select search filters
roundups & rapid reactions
before the headlines
Fiona fox's blog

coffee consumption and reduced risk of death

Two studies publishing in the Annals of Internal Medicine assess the association between coffee consumption and risk of death.


A roundup accompanied this analysis.


Title, Date of Publication & Journal

Coffee drinking and mortality in 10 European countries: A multinational cohort study by Mark J. Gunter et al.

Published: July 10th 2017

Annals of Internal Medicine 


Study’s main claims – and are they supported by the data

The main claim is that coffee drinking was associated with a reduced risk of death from any cause.  This is partly, but not entirely, supported by the evidence – see below.

This type of study is not able to demonstrate that coffee is responsible for (i.e. causes) a reduced risk of death, either for overall death or specific causes of death (e.g. cancer, heart disease).  However, the Imperial College London press release headline – ‘Drinking coffee reduces risk of death from all causes, study finds’, makes this claim.  This is not what the study found, nor what the authors imply.

The study also investigated whether coffee was associated with specific death types, such as cancer, heart disease, or digestive diseases.  The study found a positive association between higher coffee consumption and risk of cancer death amongst women (higher coffee consumption associated with higher cancer mortality in women).  The press release focuses only on negative associations (reduced mortality with higher coffee consumption).  The study discussion downplays this finding, suggesting it ‘may be spurious’, but they do not apply similar scepticism to the study’s other findings.

Further, the authors say “higher levels of coffee drinking are associated with lower risk for death from various causes”, but this ignores that risk of death appears to be greater in those who drink a high amount of coffee compared with those who drink a medium amount of coffee.




It is a large study population, which appears to be fairly representative of healthy western Europeans in the 1990s over 35 years old (see first limitation below).

Appropriately stratified by country, age and sex.


Participants who reported cancer, heart disease, stroke, or diabetes at recruitment were excluded.  The authors do not explain or justify this decision.  Did these participants have similar coffee consumption habits to those participants who were included in the study?  If not, then there is a substantial selection bias introduced to the study which could have exaggerated the already quite modest findings.  This makes the results difficult to interpret as, for instance, a large group of coffee drinkers whose present ill-health was related to coffee may have been excluded.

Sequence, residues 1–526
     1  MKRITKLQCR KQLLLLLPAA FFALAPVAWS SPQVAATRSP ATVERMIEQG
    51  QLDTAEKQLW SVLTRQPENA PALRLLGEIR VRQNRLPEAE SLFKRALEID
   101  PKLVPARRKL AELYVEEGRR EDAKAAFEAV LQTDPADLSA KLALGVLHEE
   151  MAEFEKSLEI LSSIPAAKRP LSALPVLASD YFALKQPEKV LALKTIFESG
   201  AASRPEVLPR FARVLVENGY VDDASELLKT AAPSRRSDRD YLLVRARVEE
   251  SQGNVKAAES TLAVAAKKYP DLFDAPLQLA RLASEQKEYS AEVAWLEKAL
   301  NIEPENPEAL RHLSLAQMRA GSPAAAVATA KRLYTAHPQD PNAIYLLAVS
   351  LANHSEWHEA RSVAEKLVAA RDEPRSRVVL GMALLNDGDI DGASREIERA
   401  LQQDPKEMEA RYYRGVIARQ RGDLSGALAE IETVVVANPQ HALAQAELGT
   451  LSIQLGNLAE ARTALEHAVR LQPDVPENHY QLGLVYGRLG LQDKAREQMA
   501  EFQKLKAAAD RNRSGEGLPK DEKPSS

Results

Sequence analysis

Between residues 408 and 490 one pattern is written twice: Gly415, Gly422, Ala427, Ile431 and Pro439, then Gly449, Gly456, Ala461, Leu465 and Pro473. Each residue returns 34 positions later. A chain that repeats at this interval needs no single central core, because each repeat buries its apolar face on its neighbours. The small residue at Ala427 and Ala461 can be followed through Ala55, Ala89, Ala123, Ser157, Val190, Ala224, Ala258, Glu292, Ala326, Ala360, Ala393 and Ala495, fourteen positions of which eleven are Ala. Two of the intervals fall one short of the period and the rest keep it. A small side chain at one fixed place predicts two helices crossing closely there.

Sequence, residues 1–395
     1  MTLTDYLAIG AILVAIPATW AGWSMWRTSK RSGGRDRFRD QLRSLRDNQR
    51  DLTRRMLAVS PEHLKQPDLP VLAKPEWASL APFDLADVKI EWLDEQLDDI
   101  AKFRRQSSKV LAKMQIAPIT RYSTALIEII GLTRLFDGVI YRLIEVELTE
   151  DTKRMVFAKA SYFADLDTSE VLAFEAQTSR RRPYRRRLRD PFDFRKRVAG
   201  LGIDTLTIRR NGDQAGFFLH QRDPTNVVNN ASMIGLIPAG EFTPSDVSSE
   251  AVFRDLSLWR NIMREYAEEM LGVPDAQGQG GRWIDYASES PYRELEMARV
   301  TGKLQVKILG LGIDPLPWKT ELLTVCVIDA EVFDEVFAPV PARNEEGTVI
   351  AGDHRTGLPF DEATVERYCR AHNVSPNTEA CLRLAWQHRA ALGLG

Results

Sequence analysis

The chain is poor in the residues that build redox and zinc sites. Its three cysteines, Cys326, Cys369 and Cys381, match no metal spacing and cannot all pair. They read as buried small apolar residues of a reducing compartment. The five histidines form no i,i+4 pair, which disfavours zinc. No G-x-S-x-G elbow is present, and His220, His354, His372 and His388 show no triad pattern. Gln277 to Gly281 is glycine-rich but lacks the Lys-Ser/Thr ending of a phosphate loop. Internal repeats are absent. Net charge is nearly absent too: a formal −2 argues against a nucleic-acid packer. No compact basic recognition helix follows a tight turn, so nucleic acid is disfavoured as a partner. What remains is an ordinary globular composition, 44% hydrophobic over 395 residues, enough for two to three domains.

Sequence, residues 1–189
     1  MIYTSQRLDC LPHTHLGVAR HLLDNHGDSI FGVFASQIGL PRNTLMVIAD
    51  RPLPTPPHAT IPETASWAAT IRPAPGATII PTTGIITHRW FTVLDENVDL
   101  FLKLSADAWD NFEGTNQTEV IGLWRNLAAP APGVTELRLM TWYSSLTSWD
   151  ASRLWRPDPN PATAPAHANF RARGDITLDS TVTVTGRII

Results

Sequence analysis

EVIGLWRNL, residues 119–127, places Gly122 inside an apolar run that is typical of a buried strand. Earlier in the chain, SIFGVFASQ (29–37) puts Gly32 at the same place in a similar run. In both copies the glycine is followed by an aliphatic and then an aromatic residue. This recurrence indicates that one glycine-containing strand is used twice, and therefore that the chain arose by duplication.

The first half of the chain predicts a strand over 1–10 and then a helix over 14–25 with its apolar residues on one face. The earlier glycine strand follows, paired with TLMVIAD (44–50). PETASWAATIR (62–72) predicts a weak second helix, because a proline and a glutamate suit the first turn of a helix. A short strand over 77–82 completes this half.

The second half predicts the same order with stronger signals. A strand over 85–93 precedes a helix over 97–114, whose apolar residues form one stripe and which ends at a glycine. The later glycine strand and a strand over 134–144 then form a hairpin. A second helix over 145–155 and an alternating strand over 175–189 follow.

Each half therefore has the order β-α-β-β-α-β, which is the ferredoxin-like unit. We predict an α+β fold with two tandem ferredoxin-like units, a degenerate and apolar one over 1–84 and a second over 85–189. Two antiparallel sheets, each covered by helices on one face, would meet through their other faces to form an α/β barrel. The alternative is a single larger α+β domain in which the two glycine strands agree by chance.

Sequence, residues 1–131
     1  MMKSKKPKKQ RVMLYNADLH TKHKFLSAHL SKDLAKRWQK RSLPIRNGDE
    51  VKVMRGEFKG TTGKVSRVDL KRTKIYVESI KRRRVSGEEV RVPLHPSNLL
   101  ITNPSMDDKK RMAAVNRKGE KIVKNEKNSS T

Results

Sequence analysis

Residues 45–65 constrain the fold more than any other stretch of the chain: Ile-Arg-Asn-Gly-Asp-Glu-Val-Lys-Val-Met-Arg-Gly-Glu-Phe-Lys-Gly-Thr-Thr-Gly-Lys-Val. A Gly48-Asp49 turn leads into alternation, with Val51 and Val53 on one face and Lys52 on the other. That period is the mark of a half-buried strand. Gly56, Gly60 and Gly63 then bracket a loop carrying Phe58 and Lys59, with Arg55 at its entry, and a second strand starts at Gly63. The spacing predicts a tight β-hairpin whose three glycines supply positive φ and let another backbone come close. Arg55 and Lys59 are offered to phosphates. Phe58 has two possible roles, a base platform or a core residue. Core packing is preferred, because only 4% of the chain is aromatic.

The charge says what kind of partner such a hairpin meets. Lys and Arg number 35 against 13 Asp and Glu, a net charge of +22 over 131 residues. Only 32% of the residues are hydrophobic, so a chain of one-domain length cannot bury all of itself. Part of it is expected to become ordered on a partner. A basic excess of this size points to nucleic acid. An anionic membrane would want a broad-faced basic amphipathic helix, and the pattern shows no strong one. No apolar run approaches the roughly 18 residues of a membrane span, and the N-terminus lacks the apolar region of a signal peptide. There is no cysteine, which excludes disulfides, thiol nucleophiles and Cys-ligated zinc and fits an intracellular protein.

Coffee consumption was assessed only once, at the time participants were recruited to the study.  This was not updated throughout the study period and so the study does not account for changes in coffee consumption habits.  Therefore, any reference to levels of coffee consumption are based on one point in time that may not accurately reflect the participants’ future (or former) coffee habits.

Although the authors used statistical methods to give some idea of the relative difference in risk of death in high and low coffee drinkers, they don’t give absolute numbers so it’s difficult to gauge the size of the effect.

The conclusions ignore the non-linear trends suggested in Table 2, with hazard ratios for Quartile 4 consistently higher than hazard ratios for Quartile 3 – in other words, participants who consume a high amount of coffee are associated with a higher risk of death compared with those who consume a medium amount of coffee.

The follow-up period is on average about half a generation (mean follow up of 16.4 years).  This is small compared to other large, national cohort studies.  The results may be driven more by older participants who were more likely to die during the study (and who were found to drink less coffee than younger participants on average).

As there were lots of different analyses for different causes of death and for men and women separately, the risk of finding false positive results is increased.


Any specific expertise relevant to studied paper (beyond statistical)?



* European study: ‘Coffee drinking and mortality in 10 European countries: A multinational cohort study’ by Marc J. Gunter et al. published in the Annals of Internal Medicine at on Monday 10 July 2017.

American study: ‘Association of coffee consumption with total and cause-specific mortality among nonwhite populations’ by Song-Yi Park et al. published in the Annals of Internal Medicine on Monday 10 July 2017.

Editorial: ‘Moderate coffee intake can be part of a healthy diet’ by Eliseo Guallar et al. published in the Annals of Internal Medicine on Monday 10 July 2017.


Before The Headlines is a service provided to the SMC by volunteer statisticians: members of the Royal Statistical Society (RSS), Statisticians in the Pharmaceutical Industry (PSI) and experienced statisticians in academia and research. A list of contributors, including affiliations, is available here.

in this section

filter Headlines by year

search by tag